Sempra LNG & Midstream, the arm of US utility Sempra Energy that is constructing the joint venture Cameron LNG export project in Louisiana, said it expects building work there to resume next week.
Cameron LNG is jointly owned by Sempra LNG & Midstream, France's Engie, Japan's Mitsui, and the Japan LNG Investment joint venture of Japanese partners Mitsubishi Corp and shipowner NYK Lines. The $10bn project – at what was originally an LNG import terminal near Hackberry, Louisiana – will comprise three liquefaction trains each of 4.5mn mt/yr capacity (totaling 13.5mn mt/yr). Sempra expects all three to be in operation in 2019. It has also begun a filing process to add two more, each with 4.985mn mt/yr capacity.
Sempra said September 1 that the Cameron Parish Office of Emergency Preparedness lifted its Mandatory Order of Evacuation on August 30, and that Cameron LNG's contractor, a joint venture between Chicago Bridge and Iron and Japan’s Chiyoda (CCJV), arrived in the morning of August 31 to assess the site and indicated no significant damage during its preliminary inspection. CCJV would continue their assessment over the next few days, added Sempra: “We anticipate construction activities to resume next week when the site re-opens on September 5.”
“Our thoughts and prayers are with the people of Texas and Louisiana that have been impacted by Hurricane Harvey. We continue to monitor the situation and support our Texas and Louisiana employees, their families and their safety during this difficult time,” added Sempra.
Cheniere had previously said its Sabine Pass LNG export facility, and Corpus Christi project under construction, escaped material damage.
Natgas prices ease, output down
The US Energy Information Administration (EIA) said in its Natural Gas Weekly Update August 31 that natural gas spot prices fell at most locations during the week covered by its report (August 23 to 30) and that the US Henry Hub spot price fell from $2.92/mn Btu to $2.86/mn Btu over that period.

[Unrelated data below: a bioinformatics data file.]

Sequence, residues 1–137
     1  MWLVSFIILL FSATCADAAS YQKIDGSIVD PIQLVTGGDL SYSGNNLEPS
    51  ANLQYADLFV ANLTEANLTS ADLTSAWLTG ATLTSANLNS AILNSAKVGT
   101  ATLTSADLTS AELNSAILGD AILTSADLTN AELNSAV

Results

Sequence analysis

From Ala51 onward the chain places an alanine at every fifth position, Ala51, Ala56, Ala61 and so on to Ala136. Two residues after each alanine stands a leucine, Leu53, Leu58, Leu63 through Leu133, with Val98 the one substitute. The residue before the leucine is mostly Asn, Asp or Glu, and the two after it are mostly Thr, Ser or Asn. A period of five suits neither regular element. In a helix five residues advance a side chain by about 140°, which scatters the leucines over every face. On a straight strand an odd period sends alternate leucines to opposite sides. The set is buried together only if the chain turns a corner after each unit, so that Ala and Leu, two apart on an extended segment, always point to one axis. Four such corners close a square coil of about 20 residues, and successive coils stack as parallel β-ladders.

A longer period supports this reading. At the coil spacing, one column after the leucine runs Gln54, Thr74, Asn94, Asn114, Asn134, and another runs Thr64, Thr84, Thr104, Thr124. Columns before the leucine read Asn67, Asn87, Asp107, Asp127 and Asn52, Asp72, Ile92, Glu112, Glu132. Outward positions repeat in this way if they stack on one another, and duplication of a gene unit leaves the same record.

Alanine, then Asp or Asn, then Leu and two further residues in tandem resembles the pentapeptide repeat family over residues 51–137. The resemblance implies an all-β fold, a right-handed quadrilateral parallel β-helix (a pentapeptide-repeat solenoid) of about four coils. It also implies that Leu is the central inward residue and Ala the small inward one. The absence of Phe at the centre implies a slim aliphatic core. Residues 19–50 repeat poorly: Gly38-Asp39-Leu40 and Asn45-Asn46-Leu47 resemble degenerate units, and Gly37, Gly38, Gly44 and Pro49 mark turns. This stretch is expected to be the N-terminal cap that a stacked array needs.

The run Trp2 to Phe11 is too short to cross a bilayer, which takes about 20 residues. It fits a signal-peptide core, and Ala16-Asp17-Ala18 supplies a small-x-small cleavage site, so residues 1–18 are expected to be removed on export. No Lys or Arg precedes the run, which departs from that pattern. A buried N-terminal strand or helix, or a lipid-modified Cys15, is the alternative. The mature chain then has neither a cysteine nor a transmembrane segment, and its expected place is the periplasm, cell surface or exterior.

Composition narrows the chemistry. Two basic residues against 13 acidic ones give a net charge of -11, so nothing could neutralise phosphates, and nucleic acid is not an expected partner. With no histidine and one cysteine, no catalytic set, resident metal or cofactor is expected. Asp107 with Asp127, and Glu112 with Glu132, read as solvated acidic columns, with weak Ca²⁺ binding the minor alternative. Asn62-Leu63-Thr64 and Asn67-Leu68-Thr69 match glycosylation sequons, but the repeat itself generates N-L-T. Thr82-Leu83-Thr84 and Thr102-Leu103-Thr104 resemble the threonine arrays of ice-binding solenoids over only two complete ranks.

Tropical storm Harvey affected both offshore (down by 0.6bn ft3/d August 30) and onshore (down by 3bn ft3/d August 26) natural gas production, as well as demand in the US Gulf Coast region, it noted.
It said the Enterprise Products Partners’ Shoup gas processing facility near Corpus Christi was shut down; Kinder Morgan declared force majeure on Natural Gas Pipeline Company of America’s Louisiana line near Cameron Parish, Louisiana; and Southern Company Gas declared a force majeure on its Golden Triangle Storage natural gas storage facility near Beaumont, Texas.
But electricity generators in the region have had fewer consumers to supply, as a result of Storm Harvey, with many industrial plants still closed.
US Energy Dept’s Office of Infrastructure Security & Energy Restoration said 4pm Eastern Daylight Time on August 31 that, two hours earlier, Texas estimated that 186,969 customers (1.6% of the state) and Louisiana estimated 9,116 customers (less than 1%) were without power.
It also provided latest estimates for shut-in production, as at 12.30pm August 31, 568.09mn ft³/d shut in offshore US Gulf (down from 611.09mn ft³/d the previous day).
Some 3bn ft3/d of gas production onshore Texas, in the Eagle Ford shale area, were shut-in as at August 26 from a pre-storm production estimate of about 6bn ft3/d, according to the Texas Railroad Commission; it had expected most idled production to come back online in the next few days.
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